Keystone Pipeline Gets a Boost From State Department

Pipe is stacked at the southern site of the Keystone XL pipeline in Cushing, Oklahoma.
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Pipe is stacked at the southern site of the Keystone XL pipeline in Cushing, Oklahoma.

The Keystone XL oil pipeline got a boost on Friday when the U.S. State Department said the project would not likely change the rate at which Canada's oil sands are produced, discounting fears it would be responsible for additional greenhouse gas emissions.

TransCanada's proposed project is "unlikely to have a substantial impact" on the development of Alberta's oil sands, the world's third richest oil deposit, the Department said in a long-awaited report of more than 2,000 pages.

The report also said the more than 800,000 barrel per day pipeline would have little environmental effect on most resources along its proposed route, provided the company takes certain measures to make it safer.

Supporters of the project that would bring oil to Texas refineries have dismissed concerns it would lead to additional greenhouse gas emissions, saying the oil would reach markets regardless of whether the pipeline is built.

President Barack Obama rejected the line in 2011 on concerns about its route through ecologically sensitive regions of Nebraska and after several high profile spills on lines carrying Canadian crude.

Subsequently TransCanada issued a new route for the pipeline, which Friday's assessment took into consideration.

The State Department stressed that the report did not judge the project. The public will have 45 days to comment on the review starting next Friday. A final decision by the Obama administration is not expected until July or August.

State Department Assistant Secretary Kerri-Ann Jones repeatedly refused to address whether the report offered support for building the pipeline or not, instead telling reporters on a press call that it would be premature to draw conclusions from the environmental assessment.

"We're really looking for the public debate at this point," Jones said. "We're looking for the feedback from the public to help us shape this going forward."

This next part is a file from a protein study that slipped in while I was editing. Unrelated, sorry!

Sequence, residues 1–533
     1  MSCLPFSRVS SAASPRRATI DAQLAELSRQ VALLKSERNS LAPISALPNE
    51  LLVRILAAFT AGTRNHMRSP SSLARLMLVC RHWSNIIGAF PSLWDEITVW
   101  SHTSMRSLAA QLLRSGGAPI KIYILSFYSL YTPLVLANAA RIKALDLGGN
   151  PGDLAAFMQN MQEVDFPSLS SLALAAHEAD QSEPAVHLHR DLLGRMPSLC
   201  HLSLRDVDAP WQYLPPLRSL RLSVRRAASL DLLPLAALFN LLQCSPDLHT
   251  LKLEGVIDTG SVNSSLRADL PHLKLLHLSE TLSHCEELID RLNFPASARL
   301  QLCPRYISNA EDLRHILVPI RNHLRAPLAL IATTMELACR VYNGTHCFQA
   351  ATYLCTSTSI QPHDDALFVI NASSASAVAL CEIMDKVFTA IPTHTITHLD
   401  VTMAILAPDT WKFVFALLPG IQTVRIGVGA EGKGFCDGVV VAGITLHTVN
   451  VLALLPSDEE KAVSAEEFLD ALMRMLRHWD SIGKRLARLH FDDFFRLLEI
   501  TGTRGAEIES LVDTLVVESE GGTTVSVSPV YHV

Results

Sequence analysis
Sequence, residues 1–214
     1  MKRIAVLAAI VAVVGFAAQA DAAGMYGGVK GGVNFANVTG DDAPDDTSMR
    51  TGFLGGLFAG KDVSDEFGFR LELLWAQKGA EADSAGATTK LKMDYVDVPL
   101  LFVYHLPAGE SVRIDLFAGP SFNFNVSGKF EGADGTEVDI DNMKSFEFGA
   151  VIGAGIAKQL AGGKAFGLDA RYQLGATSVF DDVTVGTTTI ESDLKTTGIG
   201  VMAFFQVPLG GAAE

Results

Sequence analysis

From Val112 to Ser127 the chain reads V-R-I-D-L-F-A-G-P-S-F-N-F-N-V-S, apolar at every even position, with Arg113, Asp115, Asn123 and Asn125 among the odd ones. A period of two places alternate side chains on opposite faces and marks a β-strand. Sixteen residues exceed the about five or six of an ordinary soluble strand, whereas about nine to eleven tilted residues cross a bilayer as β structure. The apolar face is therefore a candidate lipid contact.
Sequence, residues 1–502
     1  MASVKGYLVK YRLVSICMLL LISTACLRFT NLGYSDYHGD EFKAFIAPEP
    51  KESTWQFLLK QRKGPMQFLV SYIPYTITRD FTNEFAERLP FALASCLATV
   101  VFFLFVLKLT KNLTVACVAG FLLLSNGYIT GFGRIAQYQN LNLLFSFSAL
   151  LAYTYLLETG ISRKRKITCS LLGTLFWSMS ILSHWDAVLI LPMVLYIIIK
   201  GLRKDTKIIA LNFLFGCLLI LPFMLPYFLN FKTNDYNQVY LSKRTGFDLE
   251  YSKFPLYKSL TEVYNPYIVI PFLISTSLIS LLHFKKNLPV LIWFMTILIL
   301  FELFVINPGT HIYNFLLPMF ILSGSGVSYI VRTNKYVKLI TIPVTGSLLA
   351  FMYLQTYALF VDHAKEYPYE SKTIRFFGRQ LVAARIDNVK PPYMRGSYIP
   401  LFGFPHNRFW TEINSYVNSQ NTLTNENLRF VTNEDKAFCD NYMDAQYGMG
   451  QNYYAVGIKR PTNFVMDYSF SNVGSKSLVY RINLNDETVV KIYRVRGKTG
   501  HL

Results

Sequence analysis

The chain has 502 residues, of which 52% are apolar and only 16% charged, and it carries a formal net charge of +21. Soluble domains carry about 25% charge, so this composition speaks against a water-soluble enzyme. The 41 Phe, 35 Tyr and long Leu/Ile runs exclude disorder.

Friday's report is far from the last word on Keystone. The environmental assessment must be finalized after the public comment period. Then federal agencies will have 90 days to work with the State Department to determine whether the pipeline is in the national interest.

A decision on Keystone has been pending for more than 4-1/2 years.

Many environmentalists oppose the project because oil sands are more carbon-intensive to produce than average crudes used in the United States.

One of Keystone's top critics said the review was little different from the earlier U.S. assessment.

"We're hearing the same rehashed arguments from the State Department about why a great threat to the climate is not a threat at all," said Bill McKibben, the founder of, an environmental group.

"Mother Nature filed her comments last year — the hottest year in American history; the top climate scientists in the U.S. have already chimed in. The rest of us have 45 days to make our voices heard, and we will," he said.

Supporters of Keystone say it would provide thousands of jobs, drain a glut of domestic crude oil from the North Dakota oil boom and strengthen North American energy security.

"The Keystone XL pipeline will make more Canadian and U.S. oil available to us - oil that will not need to be imported from unfriendly places," said Karen Harbert, president of the U.S. Chamber's Institute for 21st Century Energy.